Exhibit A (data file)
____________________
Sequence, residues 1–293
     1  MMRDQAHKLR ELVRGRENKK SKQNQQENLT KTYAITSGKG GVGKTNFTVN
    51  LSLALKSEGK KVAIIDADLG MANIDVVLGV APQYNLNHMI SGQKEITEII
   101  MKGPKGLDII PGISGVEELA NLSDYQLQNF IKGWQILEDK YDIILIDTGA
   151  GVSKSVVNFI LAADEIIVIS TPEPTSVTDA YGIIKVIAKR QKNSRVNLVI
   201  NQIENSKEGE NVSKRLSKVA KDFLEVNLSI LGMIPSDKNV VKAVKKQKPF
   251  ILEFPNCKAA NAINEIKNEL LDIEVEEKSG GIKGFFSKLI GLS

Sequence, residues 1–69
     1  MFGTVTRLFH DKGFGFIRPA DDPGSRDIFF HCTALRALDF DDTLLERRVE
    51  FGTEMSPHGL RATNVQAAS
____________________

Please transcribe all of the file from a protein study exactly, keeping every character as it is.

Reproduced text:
Sequence, residues 1–293
     1  MMRDQAHKLR ELVRGRENKK SKQNQQENLT KTYAITSGKG GVGKTNFTVN
    51  LSLALKSEGK KVAIIDADLG MANIDVVLGV APQYNLNHMI SGQKEITEII
   101  MKGPKGLDII PGISGVEELA NLSDYQLQNF IKGWQILEDK YDIILIDTGA
   151  GVSKSVVNFI LAADEIIVIS TPEPTSVTDA YGIIKVIAKR QKNSRVNLVI
   201  NQIENSKEGE NVSKRLSKVA KDFLEVNLSI LGMIPSDKNV VKAVKKQKPF
   251  ILEFPNCKAA NAINEIKNEL LDIEVEEKSG GIKGFFSKLI GLS

Sequence, residues 1–69
     1  MFGTVTRLFH DKGFGFIRPA DDPGSRDIFF HCTALRALDF DDTLLERRVE
    51  FGTEMSPHGL RATNVQAAS